Where are the codes for suture removal? Go fish; there aren’t any. The CPT manual implies that removal of sutures is not a separately reportable event from putting them in.
There is some precedent and other loosely related guidance for this in CPT. For example, the casting section states that cast removals can only be coded for casts placed by another physician. Ergo, the removal of a cast you placed is included in the placement code. This same logic holds true for sutures.
Note that suture repairs are considered a minor procedure — 10-day global, with pre-op RVUs on the day of procedure and post-op RVUs during the 10-day post-op period. Evaluation and management on the day of and during the 10-day post-op period are generally not reimbursed. The removal of sutures is considered part of the normal follow-up evaluation of the wound.
In the subsection guidance for repairs, the CPT states the following: “Wound closure utilizing adhesive strips as the sole repair material should be coded using the appropriate E&M code.” So tape and bandages do not rise to the level of a repair.
So what is the follow-up visit for sutures all about? Basically, the intent is to evaluate the wound and remove the sutures, if appropriate. That evaluation is certainly E&M-like in nature — typically a focused history (we know why you are there), a focused exam (the suture site), and in many, if not most, cases, the decision making is straightforward (take ’em out). Therefore, these visits are usually coded as 99212s.
But what if the wound hasn’t healed well? What if the patient needs to continue taking antibiotics or other medications? What if the wound needs further treatment? Then decision-making moves up a notch, or 99213. It would be reasonable to expect that whatever has complicated this healing would also involve at least one review of a systems issue. This leads you to a 99213 as well.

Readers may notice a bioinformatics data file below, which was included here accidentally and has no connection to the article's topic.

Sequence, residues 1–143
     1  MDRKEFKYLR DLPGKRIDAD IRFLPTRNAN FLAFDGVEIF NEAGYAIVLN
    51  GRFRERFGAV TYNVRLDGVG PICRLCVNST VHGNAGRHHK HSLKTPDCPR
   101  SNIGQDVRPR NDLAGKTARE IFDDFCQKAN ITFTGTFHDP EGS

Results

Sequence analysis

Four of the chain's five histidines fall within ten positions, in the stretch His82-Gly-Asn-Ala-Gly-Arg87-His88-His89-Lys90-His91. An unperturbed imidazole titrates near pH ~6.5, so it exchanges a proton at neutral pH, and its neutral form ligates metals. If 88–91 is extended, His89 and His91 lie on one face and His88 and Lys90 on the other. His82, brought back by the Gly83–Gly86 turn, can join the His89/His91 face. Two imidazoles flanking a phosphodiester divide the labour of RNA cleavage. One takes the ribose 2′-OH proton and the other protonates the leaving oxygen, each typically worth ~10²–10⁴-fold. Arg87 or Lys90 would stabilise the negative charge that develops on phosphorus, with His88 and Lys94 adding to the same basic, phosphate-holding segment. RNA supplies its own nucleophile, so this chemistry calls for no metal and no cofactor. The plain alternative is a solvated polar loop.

The point is, in cases involving suture removal and wound care, it’s mostly about evaluation, and E&M codes are the best fit.
Nonphysician CPT codes
The CPT manual identifies services performed, but it’s generally silent on exactly who is performing a service.
We know implicitly that most of the codes are intended for physicians, but there are many services that can be and are often performed by physician assistants, registered nurses, and nurse practitioners — nonphysician providers.
There are also several sections in the manual in which other types of providers are specifically referenced. Here, we see that CPT intends for some services to be performed by a “nonphysician qualified healthcare professional.” For example, in the medicine section you’ll find service codes explicitly designed for genetic counselors, dieticians and nutritionists, psychologists, and Pharm Ds (new in 2008). The nutrition therapy codes imply that nutritionists are using them. In the psychology codes, there is an implied distinction between psychiatrists and psychologists.
In recent years, the definition of “appropriate source” for consult referrals has been spelled out and details a long list of healthcare system participants.
“Nonphysician qualified healthcare professionals” have been referenced in previous years relative to moderate sedation, home health services, education and training for patient self-management, and health and behavior interventions/assessments.
In CPT 2008, these unidentified providers are also referenced in some of the new medical team conference codes, including telephone and online management services.
But who are these people? The newer language appears to be aimed at including a larger dragnet of providers who may or may not be able to bill directly in their own names with their own NPIs. Notice that the same telephone and online services listed for physicians in the E&M section are listed almost identically for “nonphysicians” in the medicine section; some separation was created here.
We have advanced-practice nurses, respiratory therapists, physical therapists, occupational therapists, and a whole range of other provider types that the AMA may have had in mind. For now, the details seem purposefully vague.
Bill Dacey, CPC, MBA, MHA, is principal in the Dacey Group, a consulting firm dedicated to coding, billing, documentation, and compliance concerns. Dacey is a PMCC-certified instructor and has been active in physician training for more than 18 years. He can be reached at [email protected] or via [email protected].
This article originally appeared in the July/August 2008 issue of Physicians Practice.